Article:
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. Last Updated: 07/27/2016

Commercial Creditors Flock to Polish Buy-Back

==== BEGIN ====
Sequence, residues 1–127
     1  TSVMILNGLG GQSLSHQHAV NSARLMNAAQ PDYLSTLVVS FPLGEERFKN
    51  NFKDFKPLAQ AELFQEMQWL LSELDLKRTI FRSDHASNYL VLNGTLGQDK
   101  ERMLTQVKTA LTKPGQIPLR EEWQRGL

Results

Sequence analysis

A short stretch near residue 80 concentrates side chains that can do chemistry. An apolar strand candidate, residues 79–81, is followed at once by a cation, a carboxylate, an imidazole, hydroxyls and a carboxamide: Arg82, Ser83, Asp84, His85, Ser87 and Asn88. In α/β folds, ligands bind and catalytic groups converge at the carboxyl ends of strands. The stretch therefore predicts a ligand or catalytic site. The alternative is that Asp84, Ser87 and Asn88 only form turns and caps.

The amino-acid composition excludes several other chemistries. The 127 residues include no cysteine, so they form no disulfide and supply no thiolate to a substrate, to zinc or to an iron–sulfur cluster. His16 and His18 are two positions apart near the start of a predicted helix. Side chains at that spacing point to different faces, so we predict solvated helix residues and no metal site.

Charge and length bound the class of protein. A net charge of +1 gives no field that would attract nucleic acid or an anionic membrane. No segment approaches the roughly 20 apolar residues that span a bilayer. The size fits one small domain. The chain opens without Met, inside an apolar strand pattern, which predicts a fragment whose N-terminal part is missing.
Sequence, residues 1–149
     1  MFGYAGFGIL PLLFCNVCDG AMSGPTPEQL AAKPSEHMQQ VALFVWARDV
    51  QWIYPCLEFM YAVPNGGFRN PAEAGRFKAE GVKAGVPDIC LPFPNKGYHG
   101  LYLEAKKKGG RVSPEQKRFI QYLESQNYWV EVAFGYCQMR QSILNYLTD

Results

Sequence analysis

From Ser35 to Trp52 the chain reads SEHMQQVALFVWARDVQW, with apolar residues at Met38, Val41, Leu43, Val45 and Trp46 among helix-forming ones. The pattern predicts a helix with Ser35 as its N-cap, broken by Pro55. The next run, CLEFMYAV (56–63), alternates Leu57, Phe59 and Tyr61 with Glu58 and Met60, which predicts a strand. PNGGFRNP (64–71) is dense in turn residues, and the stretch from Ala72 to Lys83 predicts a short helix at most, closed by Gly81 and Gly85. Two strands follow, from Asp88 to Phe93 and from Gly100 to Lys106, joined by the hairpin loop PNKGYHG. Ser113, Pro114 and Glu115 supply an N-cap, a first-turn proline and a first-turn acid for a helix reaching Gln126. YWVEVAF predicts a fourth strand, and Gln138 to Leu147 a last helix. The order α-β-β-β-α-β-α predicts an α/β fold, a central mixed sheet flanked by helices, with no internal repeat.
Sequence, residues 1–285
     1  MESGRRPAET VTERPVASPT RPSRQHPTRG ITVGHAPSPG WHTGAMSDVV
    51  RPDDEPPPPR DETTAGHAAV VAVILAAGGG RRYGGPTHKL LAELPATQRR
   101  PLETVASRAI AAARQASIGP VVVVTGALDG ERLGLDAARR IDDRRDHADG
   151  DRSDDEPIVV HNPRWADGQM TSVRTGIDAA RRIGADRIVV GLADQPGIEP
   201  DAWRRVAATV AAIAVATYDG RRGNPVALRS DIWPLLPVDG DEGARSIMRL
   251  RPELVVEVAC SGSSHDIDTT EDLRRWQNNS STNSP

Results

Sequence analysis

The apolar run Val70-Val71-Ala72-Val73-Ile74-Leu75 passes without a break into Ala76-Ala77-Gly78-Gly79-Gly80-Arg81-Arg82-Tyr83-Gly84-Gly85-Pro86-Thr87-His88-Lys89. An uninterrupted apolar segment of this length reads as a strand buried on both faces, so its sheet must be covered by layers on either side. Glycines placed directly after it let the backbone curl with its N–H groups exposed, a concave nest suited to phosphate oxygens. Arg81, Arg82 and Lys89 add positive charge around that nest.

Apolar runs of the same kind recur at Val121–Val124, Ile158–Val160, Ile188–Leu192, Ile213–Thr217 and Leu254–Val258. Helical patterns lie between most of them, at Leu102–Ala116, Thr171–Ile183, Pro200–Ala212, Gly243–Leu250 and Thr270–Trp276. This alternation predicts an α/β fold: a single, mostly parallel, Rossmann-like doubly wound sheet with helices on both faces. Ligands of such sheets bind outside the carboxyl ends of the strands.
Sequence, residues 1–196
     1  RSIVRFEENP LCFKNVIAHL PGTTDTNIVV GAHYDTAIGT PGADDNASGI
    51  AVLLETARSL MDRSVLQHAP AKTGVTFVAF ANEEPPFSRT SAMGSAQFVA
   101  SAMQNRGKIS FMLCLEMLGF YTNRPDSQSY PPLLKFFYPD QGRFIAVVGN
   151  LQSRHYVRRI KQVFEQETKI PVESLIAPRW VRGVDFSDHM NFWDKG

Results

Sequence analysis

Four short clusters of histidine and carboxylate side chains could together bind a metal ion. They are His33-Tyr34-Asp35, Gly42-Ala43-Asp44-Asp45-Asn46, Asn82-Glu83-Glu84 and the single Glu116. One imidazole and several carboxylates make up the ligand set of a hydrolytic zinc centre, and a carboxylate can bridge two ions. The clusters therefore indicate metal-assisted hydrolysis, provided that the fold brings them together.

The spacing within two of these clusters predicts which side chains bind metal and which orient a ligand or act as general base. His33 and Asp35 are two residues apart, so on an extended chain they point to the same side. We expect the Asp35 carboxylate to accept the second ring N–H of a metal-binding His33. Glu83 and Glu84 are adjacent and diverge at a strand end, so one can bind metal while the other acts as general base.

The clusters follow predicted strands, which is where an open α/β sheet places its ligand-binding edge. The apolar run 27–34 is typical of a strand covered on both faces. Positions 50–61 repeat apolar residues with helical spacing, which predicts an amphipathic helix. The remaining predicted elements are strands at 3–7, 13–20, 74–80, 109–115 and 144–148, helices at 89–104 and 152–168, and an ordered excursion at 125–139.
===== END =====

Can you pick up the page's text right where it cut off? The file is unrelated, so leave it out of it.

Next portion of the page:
WARSAW -- Commercial creditors holding more than half of Poland's $13 billion debt committed themselves to a March restructuring deal, paving the way for its implementation, Poland's chief debt negotiator said Tuesday. Krzysztof Krowacki said commitments were still coming in and the number of waivers from creditors for the buy-back option in the deal was approaching 95 percent of debt value -- a threshold needed for the option to go through. "We have had the 50 percent for quite a while and we are approaching the 95 percent" buy-back threshold, Krowacki said. "The deal will definitely go forward as envisaged in the financing proposals." He declined to elaborate on the figures and demand for other options in the deal and said they would be announced next week. Krowacki said creditor interest in the buy-back, at 41 percent for the main part of it and 38 percent for a trade facility, was higher than the 20 percent Poland had said it was prepared for. He declined to give any details but signaled that Poland was prepared to satisfy higher demand for the buy-back. "The interest in the buy-back was higher" than 20 percent, he said, "and as I have always said we will be able to meet the creditors' needs." Krowacki said he and the steering committee of creditor banks, which negotiated the deal, were now working on the legal aspects of its implementation. The deadline for sending the commitments was initially set for June 29 but had to be postponed because many secondary-market debt holders were not familiar with the proposals of the deal and needed more time. "Relatively short time framework and heavy trading in relatively small amounts" on the secondary market prior to the agreement "have lengthened the reconciliation and commitment process," he said.